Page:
information over an integration scale . Since J is a symmetric positive

semidenite matrix, there exists an orthonormal basis of eigenvectors v1 and

v2 with corresponding eigenvalues 1 2 0. The eigenvalues measure the

average contrast (grey value variation) in the eigendirections within a scale

. Therefore, v1 is the orientation with the highest grey value uctuations,

and v2 gives the preferred local orientation, the coherence direction. The

expression (1 ; 2 )2 is a measure of the local coherence. If one wants to

enhance coherent structures, one should smooth mainly along the coherence

direction v2 with a di usivity 2 which increases with respect to the coherence

(1 ; 2)2 . This can be accomplished by designing D such that it possesses

the same eigenvectors v1 , v2 as J and choosing its corresponding eigenvalues

as

1 := (

(30)

if 1 = 2 ,

2 := + (1 ; ) exp C else, (31)

(1 2 )2m

;

;

where C > 0, m 2 IN, and the small positive parameter 2 (0 1) keeps the

di usion tensor uniformly positive denite.

(a) Left: Original image, = (0 256) . (b) Right: Filtered, = 0:5,

= 4, t = 20. From 74].

di usion when being applied to a ngerprint image. The di usion lter en-

courages smoothing along the coherence orientation v2 and is therefore well-

suited for closing interrupted lines. Due to its reduced di usivity at nonco-

herent structures, the locations of the semantically important singularities in

the ngerprint remain the same. It should be noted that this lter cannot

be regarded as a regularization of a Perona-Malik process. Moreover, a pure

local analysis cannot detect interrupted lines. This requires semilocal infor-

mation from the structure tensor which averages orientation information over

an integration scale .

Well-Posedness and Scale-Space Properties. Linear di usion lters,

the regularized isotropic lter (23), and the preceding nonlinear anisotropic

models can be cast in a general form where the di usion tensor D is a smooth

function of J (ru ), which remains uniformly positive denite. Generalizing

the reasonings from 12] it follows that problems of this type have a unique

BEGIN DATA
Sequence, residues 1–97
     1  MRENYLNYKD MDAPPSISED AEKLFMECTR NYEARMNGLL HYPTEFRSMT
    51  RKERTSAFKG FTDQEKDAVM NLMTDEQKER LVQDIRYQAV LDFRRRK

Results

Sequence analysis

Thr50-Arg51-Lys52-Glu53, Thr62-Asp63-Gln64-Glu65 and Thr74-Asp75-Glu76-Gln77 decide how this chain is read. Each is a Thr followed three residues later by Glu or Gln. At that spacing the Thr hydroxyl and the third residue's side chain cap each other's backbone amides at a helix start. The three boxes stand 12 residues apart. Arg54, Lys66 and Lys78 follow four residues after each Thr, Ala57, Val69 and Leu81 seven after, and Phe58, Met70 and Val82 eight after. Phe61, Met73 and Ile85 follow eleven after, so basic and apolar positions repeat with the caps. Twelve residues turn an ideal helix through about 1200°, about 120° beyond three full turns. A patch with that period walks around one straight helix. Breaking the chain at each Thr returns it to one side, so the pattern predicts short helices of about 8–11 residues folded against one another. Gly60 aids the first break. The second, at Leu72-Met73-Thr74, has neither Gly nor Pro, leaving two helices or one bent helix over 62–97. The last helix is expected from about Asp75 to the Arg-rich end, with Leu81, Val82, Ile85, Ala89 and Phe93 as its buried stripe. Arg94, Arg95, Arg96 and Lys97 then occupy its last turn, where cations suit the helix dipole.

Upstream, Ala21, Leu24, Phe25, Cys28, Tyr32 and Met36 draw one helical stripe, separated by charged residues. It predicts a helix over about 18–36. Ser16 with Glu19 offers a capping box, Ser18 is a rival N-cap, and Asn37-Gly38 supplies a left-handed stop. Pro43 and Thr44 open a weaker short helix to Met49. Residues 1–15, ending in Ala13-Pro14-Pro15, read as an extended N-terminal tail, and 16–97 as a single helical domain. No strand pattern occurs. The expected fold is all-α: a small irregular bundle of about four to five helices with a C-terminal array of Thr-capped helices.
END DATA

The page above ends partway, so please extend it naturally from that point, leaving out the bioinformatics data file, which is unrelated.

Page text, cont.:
solution which is innitely often di erentiable for t > 0. Moreover, this so-

lution depends continuously on the original image with respect to the L2 (

)

norm 76,80]. This is of importance when considering stereo images, image

sequences or slices from medical CT or MR sequences, since we know that

similar images remain similar after ltering.

Interestingly, this lter class { which allows edge enhancement { can be re-

garded as a smoothing scale-space evolution: It can be proved that the so-

lutions satisfy causality properties in terms of an extremum principle and

nonenhancement of local extrema 76,80]. Other interpretations as smooth-

ing transformations are based on Lyapunov functional and will be discussed

next.

Lyapunov Functionals. Nonlinear di usion lters with a spatial regular-

ization by means of Gaussian derivatives cannot be derived as a descent

method of a suitable energy functional. However, there are many alternatives:

it can be shown 76,80] that for all convex, twice di erentiable functions r

the expression Z

E (u(t)) := r(u(x t)) dx (32)

is a Lyapunov functional, if u(x t) is a solution of the di usion lter: E (u(t))

is decreasing in t, and bounded from below by vol(

) r(), where is the

average grey value of f .

These Lyapunov functionals allow to prove that the ltered image converges

to a constant image as t ! 1. Moreover, they show that { in spite of their

image enhancing qualities { the considered lters create smoothing transfor-

mations: The special choices r(s) := jsjp , r(s) := (s ; )2n and r(s) := s ln s,

respectively, imply that all Lp norms with 2 p 1 are decreasing (e.g.

the energy ku(t)k2L2() ), all even central Rmoments are decreasing (e.g. the

variance), and the entropy S u(t)] := ; u(x t) ln(u(x t)) dx, a measure

of uncertainty and missing information, is increasing with respect to t 76].

Using Parseval's equality we know that a decreasing energy is equivalent to

a decreasing sum of the squared Fourier coecients. Thus, in spite of the

fact that the lters may act image enhancing, their global smoothing proper-

ties in terms of Lyapunov functionals can be interpreted in a deterministic,

stochastic, information-theory based and Fourier based manner.

Since we know the value of a Lyapunov functional for t = 0 and t = 1, we

may regard an actual value E (u(t)) as a descriptor of the distance to the

initial and the steady-state. Prescribing a certain value gives an a-posteriori

criterion for the stopping time of the nonlinear di usion process 84]. The

temporal evolution of Lyapunov-like expressions such as the entropy has also

been used for selecting the most important scales 37,67], and there are in-

teresting relations between Lyapunov functionals, generalized entropies and

fractal theory 69].

A temporal regularization for anisotropic di usion ltering has been proposed

by Cottet and El-Ayyadi 17] see also 16]. Motivated from neural network

dynamics they consider a coupled PDE{ODE system of type

@u = div (D ru) (33)

@t

dD = 1 (F (ru) ; D) (34)

dt

where > 0 is some delay parameter, and F (ru) is basically a projection

orthogonal to ru, if jruj is larger than some contrast parameter . The unit

matrix is chosen as the initial value for the di usion tensor D.